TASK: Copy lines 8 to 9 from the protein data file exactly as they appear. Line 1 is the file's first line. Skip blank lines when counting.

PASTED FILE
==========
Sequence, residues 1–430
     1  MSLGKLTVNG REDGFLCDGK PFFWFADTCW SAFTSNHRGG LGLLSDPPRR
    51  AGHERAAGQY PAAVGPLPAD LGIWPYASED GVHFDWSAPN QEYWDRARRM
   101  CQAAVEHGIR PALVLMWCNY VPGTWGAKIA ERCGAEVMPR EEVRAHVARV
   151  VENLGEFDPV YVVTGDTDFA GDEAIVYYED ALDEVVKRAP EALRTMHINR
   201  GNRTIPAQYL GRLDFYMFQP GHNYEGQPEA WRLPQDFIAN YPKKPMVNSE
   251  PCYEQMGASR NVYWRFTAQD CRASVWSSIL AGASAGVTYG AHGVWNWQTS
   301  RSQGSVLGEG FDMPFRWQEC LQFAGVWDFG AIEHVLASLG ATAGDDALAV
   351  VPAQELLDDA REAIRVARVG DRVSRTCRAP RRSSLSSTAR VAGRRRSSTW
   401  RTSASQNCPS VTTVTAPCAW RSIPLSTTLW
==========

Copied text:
   301  RSQGSVLGEG FDMPFRWQEC LQFAGVWDFG AIEHVLASLG ATAGDDALAV
   351  VPAQELLDDA REAIRVARVG DRVSRTCRAP RRSSLSSTAR VAGRRRSSTW